Image Credit: Molly Watson via The Spruce
Whether you are a crab-cooking connoisseur, are switching from frozen crab to live, or are experimenting with cooking live Dungeness crab for the very first time—this article is for you. You will learn everything from the beginning stages of shipping and handling your crab to professionally plating it. Cooking live seafood can be nerve-wracking for some, but we’ll give you tips and tricks from experts to make your experience easier.
Before you do any sort of cooking, it is best to prep; and when you’re working with live crab, you want to make sure you have all the tools and resources necessary to handle and cook it correctly.
Choosing and Handling Live Crab
When choosing a live Dungeness crab (if at the market and choosing yourself), you obviously want to look for a healthy one that will provide you the freshest meat. Crabs that are alert and are stimulated when touched should be healthy; they should even show you their pincers in defense.
As far as smell, you do not want to choose one that smells overly fishy or that has a sour smell. Live crabs should have a fresh saltwater aroma.
Purchasing live Dungeness crab for sale online, such as these from Fathom Seafood, is a great option for most because the experts will safely choose and ship it right to you within 24 hours.
If you are bringing the live crab home but are not cooking it for some while, experts at Oregon Dungeness give the following handling instructions:
- Live crab should be put into a well-aerated chilled-saltwater tank (temp 45°-50° F.) as soon after arrival as possible. Immerse slowly to facilitate gill function.
However, it is recommended that you cook your live Dungeness crab the same day you purchase or receive it.
If you cannot keep it in chilled saltwater, this is an alternative recommendation:
- Live crabs should be stored in the bottom of the fridge and covered with a damp tea towel. The coldness of the fridge will keep it sedated until ready to kill and cook.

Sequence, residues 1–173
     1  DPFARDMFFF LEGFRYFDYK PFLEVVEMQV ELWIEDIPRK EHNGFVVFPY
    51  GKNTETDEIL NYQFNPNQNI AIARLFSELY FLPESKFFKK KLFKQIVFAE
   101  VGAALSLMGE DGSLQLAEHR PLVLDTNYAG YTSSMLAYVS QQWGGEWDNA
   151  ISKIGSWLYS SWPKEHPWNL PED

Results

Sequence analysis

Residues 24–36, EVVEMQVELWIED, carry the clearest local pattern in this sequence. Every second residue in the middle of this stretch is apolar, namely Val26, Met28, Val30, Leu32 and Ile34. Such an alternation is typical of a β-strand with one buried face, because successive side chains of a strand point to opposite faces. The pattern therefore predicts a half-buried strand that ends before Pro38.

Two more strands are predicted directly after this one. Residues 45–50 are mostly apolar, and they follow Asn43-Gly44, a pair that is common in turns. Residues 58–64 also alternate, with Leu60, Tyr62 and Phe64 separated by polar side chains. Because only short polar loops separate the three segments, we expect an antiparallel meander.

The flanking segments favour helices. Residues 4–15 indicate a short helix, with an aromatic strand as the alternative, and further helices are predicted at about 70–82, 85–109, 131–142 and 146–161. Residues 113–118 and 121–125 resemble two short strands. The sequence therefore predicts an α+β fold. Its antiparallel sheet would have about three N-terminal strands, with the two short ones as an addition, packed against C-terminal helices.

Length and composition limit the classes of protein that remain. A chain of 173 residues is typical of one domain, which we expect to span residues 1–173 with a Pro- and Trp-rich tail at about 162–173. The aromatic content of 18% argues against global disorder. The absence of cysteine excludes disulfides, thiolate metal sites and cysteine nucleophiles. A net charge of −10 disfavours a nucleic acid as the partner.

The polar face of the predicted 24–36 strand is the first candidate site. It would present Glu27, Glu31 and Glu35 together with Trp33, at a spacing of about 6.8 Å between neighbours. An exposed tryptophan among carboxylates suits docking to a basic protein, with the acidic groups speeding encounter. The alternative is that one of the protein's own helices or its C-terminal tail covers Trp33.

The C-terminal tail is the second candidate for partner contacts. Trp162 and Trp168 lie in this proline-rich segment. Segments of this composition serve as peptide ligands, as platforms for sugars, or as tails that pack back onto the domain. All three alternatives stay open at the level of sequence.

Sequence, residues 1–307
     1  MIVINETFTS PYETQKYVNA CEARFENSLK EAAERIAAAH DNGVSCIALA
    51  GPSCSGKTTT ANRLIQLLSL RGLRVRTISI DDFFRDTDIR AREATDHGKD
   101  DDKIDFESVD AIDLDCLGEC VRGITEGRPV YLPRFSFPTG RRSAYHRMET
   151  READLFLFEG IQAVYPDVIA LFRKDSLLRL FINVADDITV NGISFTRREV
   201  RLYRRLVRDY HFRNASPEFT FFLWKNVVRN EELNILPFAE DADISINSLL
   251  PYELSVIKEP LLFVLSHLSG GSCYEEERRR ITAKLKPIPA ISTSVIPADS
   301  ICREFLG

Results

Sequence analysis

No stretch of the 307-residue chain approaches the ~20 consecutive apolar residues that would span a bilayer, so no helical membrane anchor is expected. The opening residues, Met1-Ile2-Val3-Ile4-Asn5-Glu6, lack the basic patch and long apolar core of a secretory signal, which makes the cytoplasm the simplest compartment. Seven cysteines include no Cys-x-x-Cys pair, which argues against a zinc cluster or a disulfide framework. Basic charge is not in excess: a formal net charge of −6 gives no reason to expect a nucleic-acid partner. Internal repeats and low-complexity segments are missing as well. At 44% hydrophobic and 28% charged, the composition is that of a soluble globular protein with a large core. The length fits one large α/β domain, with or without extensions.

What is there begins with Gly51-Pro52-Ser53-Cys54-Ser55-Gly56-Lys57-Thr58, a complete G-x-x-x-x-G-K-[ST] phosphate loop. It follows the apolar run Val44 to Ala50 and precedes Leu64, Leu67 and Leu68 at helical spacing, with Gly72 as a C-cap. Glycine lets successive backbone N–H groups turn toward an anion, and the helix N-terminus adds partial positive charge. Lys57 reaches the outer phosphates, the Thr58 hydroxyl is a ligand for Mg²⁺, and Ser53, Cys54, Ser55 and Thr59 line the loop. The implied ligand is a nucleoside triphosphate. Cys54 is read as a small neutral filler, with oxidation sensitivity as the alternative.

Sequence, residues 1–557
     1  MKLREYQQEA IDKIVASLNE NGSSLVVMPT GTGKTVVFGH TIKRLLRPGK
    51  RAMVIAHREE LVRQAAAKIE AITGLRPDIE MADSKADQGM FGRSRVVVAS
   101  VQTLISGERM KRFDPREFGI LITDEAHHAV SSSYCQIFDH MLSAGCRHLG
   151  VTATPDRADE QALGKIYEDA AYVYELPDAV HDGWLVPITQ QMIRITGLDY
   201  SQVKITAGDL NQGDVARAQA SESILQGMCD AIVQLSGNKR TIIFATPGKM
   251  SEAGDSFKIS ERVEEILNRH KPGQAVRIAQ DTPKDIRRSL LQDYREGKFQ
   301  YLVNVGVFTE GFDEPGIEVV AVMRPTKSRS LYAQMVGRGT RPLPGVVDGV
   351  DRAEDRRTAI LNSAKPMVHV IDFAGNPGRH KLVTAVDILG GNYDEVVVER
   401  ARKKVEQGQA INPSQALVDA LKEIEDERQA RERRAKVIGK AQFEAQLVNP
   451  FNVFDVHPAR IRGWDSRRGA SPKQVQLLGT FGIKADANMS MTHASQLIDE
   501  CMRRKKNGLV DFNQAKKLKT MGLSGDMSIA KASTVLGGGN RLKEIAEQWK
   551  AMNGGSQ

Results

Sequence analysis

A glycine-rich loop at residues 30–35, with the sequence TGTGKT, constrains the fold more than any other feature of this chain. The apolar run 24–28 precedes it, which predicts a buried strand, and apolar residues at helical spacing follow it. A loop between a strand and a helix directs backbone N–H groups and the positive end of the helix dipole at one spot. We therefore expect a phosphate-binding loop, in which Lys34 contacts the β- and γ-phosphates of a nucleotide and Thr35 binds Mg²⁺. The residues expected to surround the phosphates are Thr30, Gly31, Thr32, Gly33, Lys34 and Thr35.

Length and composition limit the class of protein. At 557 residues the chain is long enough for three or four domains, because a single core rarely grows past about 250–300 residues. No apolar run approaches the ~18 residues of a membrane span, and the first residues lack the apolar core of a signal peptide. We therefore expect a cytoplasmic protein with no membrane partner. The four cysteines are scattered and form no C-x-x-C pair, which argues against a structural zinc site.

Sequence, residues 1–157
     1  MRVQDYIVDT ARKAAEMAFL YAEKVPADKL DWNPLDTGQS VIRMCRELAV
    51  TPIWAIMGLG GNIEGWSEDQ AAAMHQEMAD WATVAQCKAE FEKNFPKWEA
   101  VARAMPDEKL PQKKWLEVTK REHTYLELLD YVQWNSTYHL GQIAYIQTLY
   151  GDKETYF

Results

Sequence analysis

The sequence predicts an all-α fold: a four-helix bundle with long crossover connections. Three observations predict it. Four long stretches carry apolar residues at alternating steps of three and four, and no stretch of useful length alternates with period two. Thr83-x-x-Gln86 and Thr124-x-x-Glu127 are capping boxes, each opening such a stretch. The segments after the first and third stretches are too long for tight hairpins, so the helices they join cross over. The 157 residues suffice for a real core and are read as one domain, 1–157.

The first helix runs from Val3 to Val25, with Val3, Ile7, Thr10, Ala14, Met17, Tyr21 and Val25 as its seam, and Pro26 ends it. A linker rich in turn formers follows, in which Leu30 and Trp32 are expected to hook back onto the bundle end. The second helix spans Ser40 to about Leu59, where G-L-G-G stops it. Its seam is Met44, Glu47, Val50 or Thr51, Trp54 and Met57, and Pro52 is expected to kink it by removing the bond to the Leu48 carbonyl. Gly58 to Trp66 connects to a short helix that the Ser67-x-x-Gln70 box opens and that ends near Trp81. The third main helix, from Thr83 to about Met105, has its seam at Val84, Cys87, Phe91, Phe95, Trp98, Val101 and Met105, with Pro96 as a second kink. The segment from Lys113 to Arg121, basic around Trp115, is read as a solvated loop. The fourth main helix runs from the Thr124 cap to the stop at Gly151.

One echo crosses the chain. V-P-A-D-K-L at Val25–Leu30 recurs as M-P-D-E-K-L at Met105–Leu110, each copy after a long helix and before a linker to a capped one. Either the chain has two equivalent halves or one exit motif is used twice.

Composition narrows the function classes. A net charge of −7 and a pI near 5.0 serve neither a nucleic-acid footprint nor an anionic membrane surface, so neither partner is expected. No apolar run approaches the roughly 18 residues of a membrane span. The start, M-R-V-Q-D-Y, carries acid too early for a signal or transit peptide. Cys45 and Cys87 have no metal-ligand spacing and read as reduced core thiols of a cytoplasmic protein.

And right before cooking, they say the following should be typical:
- Live Oregon Dungeness crabs should show signs of activity and should react to stimulation.
It is best to research or ask the experts, whether you are getting your seafood shipped or are buying at the market, to determine which live crab will get you the best meat for your buck, in case you aren’t sure.
Image Credit: Turntable Kitchen
Prepping Your Cookspace
You actually will want to cook the crab before you clean them; therefore, you will initially need anything you are going to use for boiling or steaming your live crab.
- one large pot
- cutting board
- gloves for handling live crab and hot crab when finished
- crab cracking tool (optional)
- large tongs
Getting ready is easy!
Next, look over two separate instructional guides to compare the differences between boiling and steaming your live crab.
Live Crab Boiling Instructions—via Williams Sonoma
- You will need…
- 8 qt. cool water
- 1/4 cup kosher salt
- 2 live Dungeness crabs, about 2 pounds each (or 12 hard-shelled blue crabs)
3.Let blue crabs steep in the hot water for about 10 minutes. Larger Dungeness crabs need about 15 minutes. Using long tongs, lift the crabs from the water, turning them this way and that over the pot to drain away any water, and then transfer to a cutting board.